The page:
Selected characteristics of soil from the standard organic and BCSR organic treatments are presented in Tables 1 and 2. Values from before the start of the experiment (fall 2006) are contrasted with values obtained in late summer 2010. Values from conventional plots from 2010 are shown for comparison purposes.
Statistical analysis across years within each treatment will likely prove informative (for example, both soil organic matter and total cation exchange capacity may have increased in both organic treatments), but these analyses have not been completed. Comparisons within years and across treatments are also preliminary and will need to be adjusted for block effects and other factors. However, at present it seems that the BCSR organic plots have significantly higher levels of exchangeable soil calcium than standard organic plots (an average of 2321 ppm Ca for BCSR in 2010 compared to 1991 ppm Ca for standard). At the same time, BCSR plots also have significantly lower levels of exchangeable Mg and K than standard plots (492 ppm Mg for BCSR in 2010 compared to 600 ppm Mg for standard, and 173 ppm K for BCSR compared to 199 ppm K for standard). These results are consistent with the replacement of Mg and K by Ca on surfaces of soil clay and organic matter. In all treatments, however, quantities of Ca, Mg, and K are above deficiency ranges defined for Wisconsin according to the SLAN concept (Laboski et al. 2006).
The ratio of percent saturation with Ca to percent saturation with Mg appears to be significantly higher for the BCSR organic soil than for the standard organic soil (2.84 compared to 2.00 in 2010). The BCSR plots have significantly higher percent saturation with Ca than the standard plots (70.7% compared to 61.0% for the standard plots in 2010), and this percentage brings the soil into the range suggested by advocates of the BCSR approach.
Despite approaching the target cation ratios in the field BCSR organic plots, few measures of yield or insect pest response have differed significantly by treatment thus far. Yields of corn in 2010, for example, averaged 192 bushels per acre for all treatments, while soybean yields ranged insignificantly between 63 and 65 bushels per acre for the three treatments (soil balance, standard organic, conventional). Data on grain quality and forage quality have been collected and statistical analyses of these data are underway.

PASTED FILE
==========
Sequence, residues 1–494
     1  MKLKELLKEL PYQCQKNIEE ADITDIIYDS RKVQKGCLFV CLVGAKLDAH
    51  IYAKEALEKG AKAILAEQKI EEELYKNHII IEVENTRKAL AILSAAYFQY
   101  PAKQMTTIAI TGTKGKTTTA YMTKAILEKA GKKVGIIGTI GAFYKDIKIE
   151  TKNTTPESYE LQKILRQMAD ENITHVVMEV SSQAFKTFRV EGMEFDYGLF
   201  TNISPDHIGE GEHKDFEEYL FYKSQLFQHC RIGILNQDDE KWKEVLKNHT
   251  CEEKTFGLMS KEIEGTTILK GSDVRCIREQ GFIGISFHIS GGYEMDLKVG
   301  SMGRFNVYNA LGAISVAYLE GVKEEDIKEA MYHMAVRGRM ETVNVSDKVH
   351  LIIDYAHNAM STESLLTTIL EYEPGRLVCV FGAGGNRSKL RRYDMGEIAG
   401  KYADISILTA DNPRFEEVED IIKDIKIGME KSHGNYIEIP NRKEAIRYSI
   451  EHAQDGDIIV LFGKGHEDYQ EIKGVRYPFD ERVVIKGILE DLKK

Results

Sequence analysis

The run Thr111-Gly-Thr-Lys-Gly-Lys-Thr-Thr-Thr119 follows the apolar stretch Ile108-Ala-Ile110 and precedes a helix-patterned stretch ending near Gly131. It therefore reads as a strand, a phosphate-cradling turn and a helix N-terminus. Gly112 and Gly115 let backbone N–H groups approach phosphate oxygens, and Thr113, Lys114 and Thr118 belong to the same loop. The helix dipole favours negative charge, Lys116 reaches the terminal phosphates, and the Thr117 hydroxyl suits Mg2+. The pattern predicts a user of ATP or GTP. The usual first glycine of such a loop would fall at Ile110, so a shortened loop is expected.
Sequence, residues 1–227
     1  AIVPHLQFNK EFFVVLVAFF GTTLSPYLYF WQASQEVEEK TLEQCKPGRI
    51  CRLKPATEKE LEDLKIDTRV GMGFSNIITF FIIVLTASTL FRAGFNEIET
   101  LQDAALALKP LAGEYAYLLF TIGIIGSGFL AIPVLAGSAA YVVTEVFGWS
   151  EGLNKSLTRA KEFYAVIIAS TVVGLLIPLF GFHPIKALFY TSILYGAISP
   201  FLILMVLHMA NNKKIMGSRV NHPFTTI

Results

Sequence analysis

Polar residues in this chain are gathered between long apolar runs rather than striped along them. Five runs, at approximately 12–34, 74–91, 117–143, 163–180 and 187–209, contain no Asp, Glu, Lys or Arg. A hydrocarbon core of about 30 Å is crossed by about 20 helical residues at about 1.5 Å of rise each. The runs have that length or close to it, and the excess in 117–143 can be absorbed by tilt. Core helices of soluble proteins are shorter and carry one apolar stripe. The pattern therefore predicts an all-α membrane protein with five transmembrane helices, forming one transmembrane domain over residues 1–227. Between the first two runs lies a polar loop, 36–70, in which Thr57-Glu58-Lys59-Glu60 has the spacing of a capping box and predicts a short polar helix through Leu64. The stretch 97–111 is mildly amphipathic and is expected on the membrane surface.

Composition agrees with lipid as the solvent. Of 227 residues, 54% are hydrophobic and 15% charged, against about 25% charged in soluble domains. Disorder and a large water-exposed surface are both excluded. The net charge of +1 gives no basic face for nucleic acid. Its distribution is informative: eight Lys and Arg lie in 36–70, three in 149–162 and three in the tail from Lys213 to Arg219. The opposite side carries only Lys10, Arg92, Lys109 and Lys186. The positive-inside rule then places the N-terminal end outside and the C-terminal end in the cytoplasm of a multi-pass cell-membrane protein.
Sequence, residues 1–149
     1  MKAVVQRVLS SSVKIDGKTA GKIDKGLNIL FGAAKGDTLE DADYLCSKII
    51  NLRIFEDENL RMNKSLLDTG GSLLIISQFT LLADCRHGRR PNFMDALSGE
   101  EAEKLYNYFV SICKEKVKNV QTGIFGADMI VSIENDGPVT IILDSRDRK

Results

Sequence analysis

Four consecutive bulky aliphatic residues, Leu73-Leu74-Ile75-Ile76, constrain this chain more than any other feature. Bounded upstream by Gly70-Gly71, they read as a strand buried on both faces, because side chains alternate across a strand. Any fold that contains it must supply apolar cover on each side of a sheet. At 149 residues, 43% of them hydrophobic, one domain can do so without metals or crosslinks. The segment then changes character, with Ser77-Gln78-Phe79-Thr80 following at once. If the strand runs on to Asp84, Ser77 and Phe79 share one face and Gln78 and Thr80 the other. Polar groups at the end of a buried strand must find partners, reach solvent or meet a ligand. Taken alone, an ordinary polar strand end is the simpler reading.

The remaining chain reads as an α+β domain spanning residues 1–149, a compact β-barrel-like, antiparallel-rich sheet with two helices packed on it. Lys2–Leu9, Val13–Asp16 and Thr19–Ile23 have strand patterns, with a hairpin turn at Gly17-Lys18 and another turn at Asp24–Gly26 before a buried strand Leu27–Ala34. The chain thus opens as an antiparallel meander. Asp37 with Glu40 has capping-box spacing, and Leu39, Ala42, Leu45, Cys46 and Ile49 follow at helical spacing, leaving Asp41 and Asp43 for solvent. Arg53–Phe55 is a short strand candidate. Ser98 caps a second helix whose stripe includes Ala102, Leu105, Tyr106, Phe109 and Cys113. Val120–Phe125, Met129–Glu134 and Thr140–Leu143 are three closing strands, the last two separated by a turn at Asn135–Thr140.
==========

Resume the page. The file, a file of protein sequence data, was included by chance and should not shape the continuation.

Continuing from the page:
One representative set of insect data is the graph of soybean aphid population growth shown in Figure 1. As with a similar set of data from 2008 (not shown), aphid populations appeared to diverge between the three treatments near the end of the season, with populations lowest in the BCSR organic plots, next lowest in the standard organic plots, and highest in the conventional plots. However, due to wide variation in aphid counts between plants, populations did not differ significantly by treatment except on the final sampling date, when plants in conventional plots harbored significantly more aphids than plants in either of the two organic treatments. We have not yet analyzed the analogous 2010 data, but preliminary summaries suggest that the pattern of data is the same as in the previous two years. We are now analyzing a corresponding set of plant tissue data for each pest (mineral content of soybean leaves at R1-R2, in the case of soybean aphids) that may allow us to establish soil-plant-insect interaction effects.
Research results from the greenhouse largely mirror those obtained in the field. Using methods modified from Favoretto et al. (2006), we did successfully create soils with ratios of exchangeable Ca:Mg as high as 4.65:1. There was a significant difference between soil treatments in the length of time it took for beet armyworm larvae to reach pupation, with the larvae on plants grown in 4.65:1 soil pupating slightly faster than larvae in other treatments. However, weight gain and final pupal weight do not appear to have been significantly affected by feeding on soybeans grown in soils of different cation ratios. Soybean aphids feeding on similar soybean plants similarly did not differ in lifespan or total lifetime reproduction.
Though there was no apparent response by insects to the cation ratios in which their soybean host plants were grown, leaf tissue from the plants themselves did vary in content of calcium oxalate (see Figure 2). Plants grown in soil modified to Ca:Mg ratios of either 2.95:1 or 4.65:1 contained significantly more calcium oxalate than plants grown in unmodified control soil with a Ca:Mg ratio of 2.0:1. Plants grown in soil of the 2.95:1 ratio also had more calcium oxalate than plants from a second control group grown in soil rinsed with water in a way that mimicked the cation ratio modification process, though this was not true of plants grown in soil with a 4.65:1 ratio.